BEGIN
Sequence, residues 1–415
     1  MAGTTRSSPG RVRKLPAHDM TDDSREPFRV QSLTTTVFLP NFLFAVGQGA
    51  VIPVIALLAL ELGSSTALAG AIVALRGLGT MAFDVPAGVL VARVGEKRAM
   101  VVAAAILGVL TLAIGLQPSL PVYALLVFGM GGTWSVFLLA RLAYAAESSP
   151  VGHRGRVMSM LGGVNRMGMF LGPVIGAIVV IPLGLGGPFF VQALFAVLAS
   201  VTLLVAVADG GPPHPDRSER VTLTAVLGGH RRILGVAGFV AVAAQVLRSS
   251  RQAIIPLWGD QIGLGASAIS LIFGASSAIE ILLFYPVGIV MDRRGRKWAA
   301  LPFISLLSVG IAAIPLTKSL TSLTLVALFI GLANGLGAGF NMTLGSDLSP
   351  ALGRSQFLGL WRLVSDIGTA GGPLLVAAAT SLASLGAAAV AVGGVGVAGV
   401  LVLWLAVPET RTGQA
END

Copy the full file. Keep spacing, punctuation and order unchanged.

Sequence, residues 1–415
     1  MAGTTRSSPG RVRKLPAHDM TDDSREPFRV QSLTTTVFLP NFLFAVGQGA
    51  VIPVIALLAL ELGSSTALAG AIVALRGLGT MAFDVPAGVL VARVGEKRAM
   101  VVAAAILGVL TLAIGLQPSL PVYALLVFGM GGTWSVFLLA RLAYAAESSP
   151  VGHRGRVMSM LGGVNRMGMF LGPVIGAIVV IPLGLGGPFF VQALFAVLAS
   201  VTLLVAVADG GPPHPDRSER VTLTAVLGGH RRILGVAGFV AVAAQVLRSS
   251  RQAIIPLWGD QIGLGASAIS LIFGASSAIE ILLFYPVGIV MDRRGRKWAA
   301  LPFISLLSVG IAAIPLTKSL TSLTLVALFI GLANGLGAGF NMTLGSDLSP
   351  ALGRSQFLGL WRLVSDIGTA GGPLLVAAAT SLASLGAAAV AVGGVGVAGV
   401  LVLWLAVPET RTGQA